Featured Image Credit:http://nynjbaykeeper.org
Saint Petersburg, Florida, is a city situated on the Tampa Bay. The resident’s connection to the
water has inspired a new movement to keep it clean! Local leaders voted 5 to 2 to ban plastic within the
city limits. Straws, a piece of single-use plastic under fire from worldwide audiences, will only be served
by-request by 2020, while styrofoam products will be out of use just weeks into 2019.
Known by its brand name “Styrofoam”, the chemical polystyrene is commonly found as to go
boxes and insulated drink cups. The light and delicate material is known for degrading into tiny pieces
much faster than its other plastic counterparts, making it especially dangerous for humans and wildlife
alike. The soft material also absorbs environmental chemicals like a sponge, increasing the toxicity of the
material. According to a study published by the U.S. National Library of Medicine’s National Institute of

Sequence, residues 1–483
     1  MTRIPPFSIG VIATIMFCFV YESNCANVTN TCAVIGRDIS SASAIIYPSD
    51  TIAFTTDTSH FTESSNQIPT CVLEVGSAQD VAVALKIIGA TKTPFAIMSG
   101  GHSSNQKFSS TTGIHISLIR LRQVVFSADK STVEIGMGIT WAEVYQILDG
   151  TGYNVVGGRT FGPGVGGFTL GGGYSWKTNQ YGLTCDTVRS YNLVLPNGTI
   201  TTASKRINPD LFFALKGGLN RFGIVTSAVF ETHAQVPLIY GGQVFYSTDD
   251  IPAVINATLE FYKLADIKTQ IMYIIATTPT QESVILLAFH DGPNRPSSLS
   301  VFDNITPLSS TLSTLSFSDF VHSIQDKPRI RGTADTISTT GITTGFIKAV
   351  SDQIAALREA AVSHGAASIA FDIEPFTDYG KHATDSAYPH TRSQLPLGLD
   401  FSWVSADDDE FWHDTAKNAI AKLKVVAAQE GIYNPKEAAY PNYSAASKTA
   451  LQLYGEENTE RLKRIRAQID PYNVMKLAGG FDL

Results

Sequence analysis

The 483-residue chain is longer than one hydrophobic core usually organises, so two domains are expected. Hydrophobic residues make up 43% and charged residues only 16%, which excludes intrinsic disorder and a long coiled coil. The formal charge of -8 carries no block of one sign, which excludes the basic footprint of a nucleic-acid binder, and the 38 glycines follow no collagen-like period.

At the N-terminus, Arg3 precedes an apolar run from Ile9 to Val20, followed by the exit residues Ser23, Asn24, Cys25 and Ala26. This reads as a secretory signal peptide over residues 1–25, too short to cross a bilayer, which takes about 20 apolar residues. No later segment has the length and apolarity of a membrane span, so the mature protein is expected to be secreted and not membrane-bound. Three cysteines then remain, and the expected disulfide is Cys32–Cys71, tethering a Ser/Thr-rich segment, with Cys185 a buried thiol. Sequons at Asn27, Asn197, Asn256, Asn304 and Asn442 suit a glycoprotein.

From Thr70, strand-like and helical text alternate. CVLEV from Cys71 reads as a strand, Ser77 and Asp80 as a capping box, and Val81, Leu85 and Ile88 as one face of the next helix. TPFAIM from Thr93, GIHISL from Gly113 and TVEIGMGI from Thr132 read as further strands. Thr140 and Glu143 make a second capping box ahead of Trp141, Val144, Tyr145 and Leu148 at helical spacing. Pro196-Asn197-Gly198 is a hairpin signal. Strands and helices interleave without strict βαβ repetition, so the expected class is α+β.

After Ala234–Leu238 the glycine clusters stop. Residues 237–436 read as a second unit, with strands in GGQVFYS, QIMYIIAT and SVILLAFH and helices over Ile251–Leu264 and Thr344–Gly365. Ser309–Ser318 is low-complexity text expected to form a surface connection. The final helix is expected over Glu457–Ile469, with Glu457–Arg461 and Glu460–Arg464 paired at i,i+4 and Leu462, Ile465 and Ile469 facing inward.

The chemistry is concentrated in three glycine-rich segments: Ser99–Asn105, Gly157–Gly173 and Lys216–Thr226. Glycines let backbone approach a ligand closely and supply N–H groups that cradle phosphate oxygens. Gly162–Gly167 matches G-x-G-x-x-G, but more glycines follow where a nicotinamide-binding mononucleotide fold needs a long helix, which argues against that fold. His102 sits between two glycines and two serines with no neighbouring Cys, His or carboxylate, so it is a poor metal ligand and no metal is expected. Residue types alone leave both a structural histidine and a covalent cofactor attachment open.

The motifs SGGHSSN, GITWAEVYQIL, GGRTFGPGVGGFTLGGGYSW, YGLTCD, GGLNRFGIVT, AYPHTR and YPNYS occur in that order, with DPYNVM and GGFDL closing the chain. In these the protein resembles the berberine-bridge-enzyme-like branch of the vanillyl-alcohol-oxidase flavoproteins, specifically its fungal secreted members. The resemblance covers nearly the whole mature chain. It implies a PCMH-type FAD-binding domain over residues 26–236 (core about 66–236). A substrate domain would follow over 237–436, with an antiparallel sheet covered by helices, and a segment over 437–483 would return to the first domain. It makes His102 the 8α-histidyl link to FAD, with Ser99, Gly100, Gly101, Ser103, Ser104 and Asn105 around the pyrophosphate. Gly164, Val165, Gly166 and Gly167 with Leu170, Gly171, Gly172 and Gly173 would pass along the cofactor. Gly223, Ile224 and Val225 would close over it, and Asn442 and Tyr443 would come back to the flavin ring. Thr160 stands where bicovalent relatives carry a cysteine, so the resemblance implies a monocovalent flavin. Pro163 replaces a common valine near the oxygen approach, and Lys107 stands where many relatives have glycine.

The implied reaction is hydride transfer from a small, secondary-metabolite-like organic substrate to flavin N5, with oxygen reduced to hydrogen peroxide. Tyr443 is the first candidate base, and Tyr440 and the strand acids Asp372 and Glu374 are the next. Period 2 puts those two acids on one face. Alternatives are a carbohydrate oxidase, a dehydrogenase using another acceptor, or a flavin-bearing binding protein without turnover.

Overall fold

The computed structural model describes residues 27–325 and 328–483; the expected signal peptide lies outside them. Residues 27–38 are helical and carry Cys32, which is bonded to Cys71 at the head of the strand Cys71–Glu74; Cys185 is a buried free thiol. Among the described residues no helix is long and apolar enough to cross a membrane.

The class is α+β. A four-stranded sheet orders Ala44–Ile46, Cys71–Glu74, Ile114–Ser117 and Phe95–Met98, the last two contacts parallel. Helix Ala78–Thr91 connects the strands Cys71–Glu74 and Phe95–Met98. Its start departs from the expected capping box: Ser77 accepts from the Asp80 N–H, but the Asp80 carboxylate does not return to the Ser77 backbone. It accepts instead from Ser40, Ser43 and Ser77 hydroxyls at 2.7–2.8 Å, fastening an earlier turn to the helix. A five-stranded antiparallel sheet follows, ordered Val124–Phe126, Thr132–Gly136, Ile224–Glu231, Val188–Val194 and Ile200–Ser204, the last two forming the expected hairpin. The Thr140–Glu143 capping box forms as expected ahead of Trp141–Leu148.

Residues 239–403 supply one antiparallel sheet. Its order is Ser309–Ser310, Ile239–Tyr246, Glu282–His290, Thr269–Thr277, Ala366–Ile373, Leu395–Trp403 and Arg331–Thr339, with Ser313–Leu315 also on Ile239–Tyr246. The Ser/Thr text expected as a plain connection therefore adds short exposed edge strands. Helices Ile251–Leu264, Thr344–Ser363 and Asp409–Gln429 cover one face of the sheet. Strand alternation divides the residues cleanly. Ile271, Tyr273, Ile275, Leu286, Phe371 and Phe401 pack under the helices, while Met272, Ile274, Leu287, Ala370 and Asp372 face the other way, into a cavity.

Health, the chemicals in Styrofoam caused increased risk of lymphoma and leukemia in workers that
develop the compound.
As much as 40 percent of debris found in streams is Styrofoam, largely due to how easily the
material blows around in the wind. The other subject of Saint Pete’s plastic ban, single-use straws, have
plagued beaches across the world. In The Ocean Conservancy’s citizen science project, the “International
Coastal Cleanup”, 9 million straws have been collected in just 30 years. The upcoming 2019 year will be
a phase-out period in which businesses will still be allowed to serve plastic straws without a customer
request. Starting in January 2020, businesses that serve straws automatically will be warned at the first
offense, then fined up to $80 for each additional offense.
Saint Pete joins cities and states across the United States that are banning single-use plastic
products. California, Maryland, Washington D.C., and Seattle are just a handful of other places that are
confronting plastic pollution head-on. Internationally, Scotland, Taiwan, and areas of Britain are also
limiting their consumption. Read more about Saint Pete’s plastic bans from our source here, and learn
more about how you can ban plastic from YOUR life at the Ocean Conservancy’s Trash Free Seas page.